Comedy

10 Questions with Comedian Jed Salisbury : We talk about his worst experiences, being punched and much more.

Photo Credit : Annette Sooda

1. So Jed, you’ve been around a bit. Tell me about your journey as a stand up?

‘Your journey’ makes it sound so much more exciting than it is. My friend and I weren’t very pretty and we weren’t very smart so genuinely the only way to impress girls at the time was to be funny. We found out we were good at the being funny but not so much at attracting the ladies, so with a plot of pressure we thought we’d do stand up. So we did a comedy course in 2009 during the Hull Comedy Festival, performed, loved it and then I did about a gig a month for about 3 years because I had no real comedy education.

I didn’t know the how to get gigs, etiquette or anything like that, I kinda just dived in. I Finally left uni and got a “real” job and realised that nothing makes me happier than Stand Up so I pulled my finger out. I’m now gigging 3 times a week across the country , hold residencies at a couple of comedy nights and I’m now also director of the Hull Comedy Festival. Christ, maybe it has been a bit of a journey.

2. I had the pleasure of meeting you at a couple of gigs while I was on the circuit 5 years ago… what has made you continue?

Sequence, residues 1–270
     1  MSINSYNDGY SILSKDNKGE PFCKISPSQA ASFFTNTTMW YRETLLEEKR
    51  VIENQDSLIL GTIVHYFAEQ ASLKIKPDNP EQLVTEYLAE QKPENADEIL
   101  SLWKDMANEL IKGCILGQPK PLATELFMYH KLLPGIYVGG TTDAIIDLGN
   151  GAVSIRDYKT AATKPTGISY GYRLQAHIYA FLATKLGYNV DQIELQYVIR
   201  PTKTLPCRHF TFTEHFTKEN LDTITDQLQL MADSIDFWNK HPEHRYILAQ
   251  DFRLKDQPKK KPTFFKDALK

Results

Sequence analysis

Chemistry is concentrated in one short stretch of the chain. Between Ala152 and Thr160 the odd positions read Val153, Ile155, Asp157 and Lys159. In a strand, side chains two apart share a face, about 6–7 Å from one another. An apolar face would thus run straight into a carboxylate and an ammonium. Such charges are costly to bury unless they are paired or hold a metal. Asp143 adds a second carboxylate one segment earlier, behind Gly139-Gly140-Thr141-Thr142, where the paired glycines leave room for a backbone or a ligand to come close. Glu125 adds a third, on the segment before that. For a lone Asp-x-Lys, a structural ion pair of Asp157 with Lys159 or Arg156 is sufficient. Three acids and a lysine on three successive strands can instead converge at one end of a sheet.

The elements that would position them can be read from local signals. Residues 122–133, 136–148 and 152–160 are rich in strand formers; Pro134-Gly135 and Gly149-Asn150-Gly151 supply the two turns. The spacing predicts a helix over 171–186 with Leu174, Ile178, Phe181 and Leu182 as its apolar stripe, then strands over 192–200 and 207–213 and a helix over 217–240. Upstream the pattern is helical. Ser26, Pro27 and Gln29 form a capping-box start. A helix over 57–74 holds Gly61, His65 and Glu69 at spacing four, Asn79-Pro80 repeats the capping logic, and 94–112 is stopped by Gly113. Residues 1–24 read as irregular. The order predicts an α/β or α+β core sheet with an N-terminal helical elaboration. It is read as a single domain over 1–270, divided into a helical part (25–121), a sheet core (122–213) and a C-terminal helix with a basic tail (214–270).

I honestly ask myself that a lot, on a sad day I’d say I’ve given it 8 years of my life, would it be fair to quit now that I’m starting to go places with it? Plus if I quit what else do I have? I’m Jed the comedian, without comedy I’m just Jed and who’s he? And non existential days I’d say I bloody love it. Performing, the people you meet, the opportunities it’s given me. I’ve become a real slave to comedy, the TV I watch, the books I read, my social life. It’s all comedy.

3. What’s been your biggest challenge as a comedian?

I think as a person it’s being on a different life rota to your friends and family. You miss a lot of things. “Hey it’s my birthday this weekend do you wanna come out?” ”I can’t I’m in Leeds gigging”. Stuff like that is tough. I think the hardest thing for me is the transition from comedian back to normal life. This isn’t my full time career yet, so I can go from performing in front of hundreds of people back to my retail job, that’s a come down.

4. Comedians are a strange bunch..Why?